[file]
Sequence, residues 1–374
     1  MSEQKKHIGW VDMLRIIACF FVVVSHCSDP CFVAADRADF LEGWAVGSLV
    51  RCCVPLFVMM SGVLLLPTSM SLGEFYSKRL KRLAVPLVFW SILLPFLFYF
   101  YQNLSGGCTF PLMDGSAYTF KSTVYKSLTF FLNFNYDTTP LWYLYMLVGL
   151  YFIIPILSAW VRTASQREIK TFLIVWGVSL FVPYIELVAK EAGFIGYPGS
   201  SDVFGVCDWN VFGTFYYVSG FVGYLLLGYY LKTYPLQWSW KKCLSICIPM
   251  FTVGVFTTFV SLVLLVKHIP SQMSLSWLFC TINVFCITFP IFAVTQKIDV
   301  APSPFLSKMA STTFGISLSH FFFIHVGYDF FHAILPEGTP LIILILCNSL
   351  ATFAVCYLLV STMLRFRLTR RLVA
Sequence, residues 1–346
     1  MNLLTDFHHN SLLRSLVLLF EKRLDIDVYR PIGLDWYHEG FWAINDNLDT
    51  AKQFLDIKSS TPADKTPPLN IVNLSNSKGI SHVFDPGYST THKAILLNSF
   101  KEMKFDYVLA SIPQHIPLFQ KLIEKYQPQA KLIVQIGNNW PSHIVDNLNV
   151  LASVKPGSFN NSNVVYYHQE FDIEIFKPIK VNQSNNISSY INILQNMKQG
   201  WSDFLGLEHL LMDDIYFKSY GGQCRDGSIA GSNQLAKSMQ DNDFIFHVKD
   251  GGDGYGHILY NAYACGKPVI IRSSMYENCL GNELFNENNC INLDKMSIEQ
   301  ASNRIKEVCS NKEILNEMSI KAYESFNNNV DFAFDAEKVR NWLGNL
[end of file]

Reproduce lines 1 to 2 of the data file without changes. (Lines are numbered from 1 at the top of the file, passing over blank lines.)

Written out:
Sequence, residues 1–374
     1  MSEQKKHIGW VDMLRIIACF FVVVSHCSDP CFVAADRADF LEGWAVGSLV